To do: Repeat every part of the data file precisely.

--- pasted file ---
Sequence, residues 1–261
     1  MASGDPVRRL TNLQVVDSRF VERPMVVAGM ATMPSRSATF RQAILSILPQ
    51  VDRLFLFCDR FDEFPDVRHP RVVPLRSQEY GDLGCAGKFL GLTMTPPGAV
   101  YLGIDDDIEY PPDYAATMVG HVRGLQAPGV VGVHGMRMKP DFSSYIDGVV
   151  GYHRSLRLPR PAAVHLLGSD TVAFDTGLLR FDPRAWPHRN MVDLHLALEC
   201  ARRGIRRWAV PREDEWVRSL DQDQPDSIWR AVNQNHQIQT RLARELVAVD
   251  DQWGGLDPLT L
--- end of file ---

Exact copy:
Sequence, residues 1–261
     1  MASGDPVRRL TNLQVVDSRF VERPMVVAGM ATMPSRSATF RQAILSILPQ
    51  VDRLFLFCDR FDEFPDVRHP RVVPLRSQEY GDLGCAGKFL GLTMTPPGAV
   101  YLGIDDDIEY PPDYAATMVG HVRGLQAPGV VGVHGMRMKP DFSSYIDGVV
   151  GYHRSLRLPR PAAVHLLGSD TVAFDTGLLR FDPRAWPHRN MVDLHLALEC
   201  ARRGIRRWAV PREDEWVRSL DQDQPDSIWR AVNQNHQIQT RLARELVAVD
   251  DQWGGLDPLT L